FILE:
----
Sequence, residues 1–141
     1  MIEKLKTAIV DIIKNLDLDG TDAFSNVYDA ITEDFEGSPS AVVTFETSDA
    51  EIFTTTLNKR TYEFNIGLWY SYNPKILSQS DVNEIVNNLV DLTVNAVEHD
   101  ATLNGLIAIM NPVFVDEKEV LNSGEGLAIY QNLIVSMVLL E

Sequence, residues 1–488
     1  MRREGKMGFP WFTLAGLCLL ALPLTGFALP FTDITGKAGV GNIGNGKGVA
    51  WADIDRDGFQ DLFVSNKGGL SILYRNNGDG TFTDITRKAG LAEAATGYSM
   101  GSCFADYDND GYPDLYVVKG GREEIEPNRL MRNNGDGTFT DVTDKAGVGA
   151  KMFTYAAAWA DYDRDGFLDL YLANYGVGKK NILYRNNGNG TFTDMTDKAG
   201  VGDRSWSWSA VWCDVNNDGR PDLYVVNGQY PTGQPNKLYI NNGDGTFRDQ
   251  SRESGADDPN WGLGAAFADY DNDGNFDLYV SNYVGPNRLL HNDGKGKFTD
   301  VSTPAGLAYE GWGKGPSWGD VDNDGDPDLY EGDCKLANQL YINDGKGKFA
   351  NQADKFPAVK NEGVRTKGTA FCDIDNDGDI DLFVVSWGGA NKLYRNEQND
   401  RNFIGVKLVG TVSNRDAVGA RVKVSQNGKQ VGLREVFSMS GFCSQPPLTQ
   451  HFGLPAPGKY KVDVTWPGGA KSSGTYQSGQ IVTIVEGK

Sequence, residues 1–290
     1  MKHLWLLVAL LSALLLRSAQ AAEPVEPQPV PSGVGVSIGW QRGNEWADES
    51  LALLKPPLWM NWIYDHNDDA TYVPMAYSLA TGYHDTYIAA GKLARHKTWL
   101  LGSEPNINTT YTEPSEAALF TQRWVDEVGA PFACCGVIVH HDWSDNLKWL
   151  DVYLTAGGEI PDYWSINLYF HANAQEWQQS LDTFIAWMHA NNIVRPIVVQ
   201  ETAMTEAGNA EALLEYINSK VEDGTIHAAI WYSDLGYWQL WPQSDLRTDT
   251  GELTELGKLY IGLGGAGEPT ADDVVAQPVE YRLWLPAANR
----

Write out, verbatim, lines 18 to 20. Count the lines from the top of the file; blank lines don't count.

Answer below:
    51  LALLKPPLWM NWIYDHNDDA TYVPMAYSLA TGYHDTYIAA GKLARHKTWL
   101  LGSEPNINTT YTEPSEAALF TQRWVDEVGA PFACCGVIVH HDWSDNLKWL
   151  DVYLTAGGEI PDYWSINLYF HANAQEWQQS LDTFIAWMHA NNIVRPIVVQ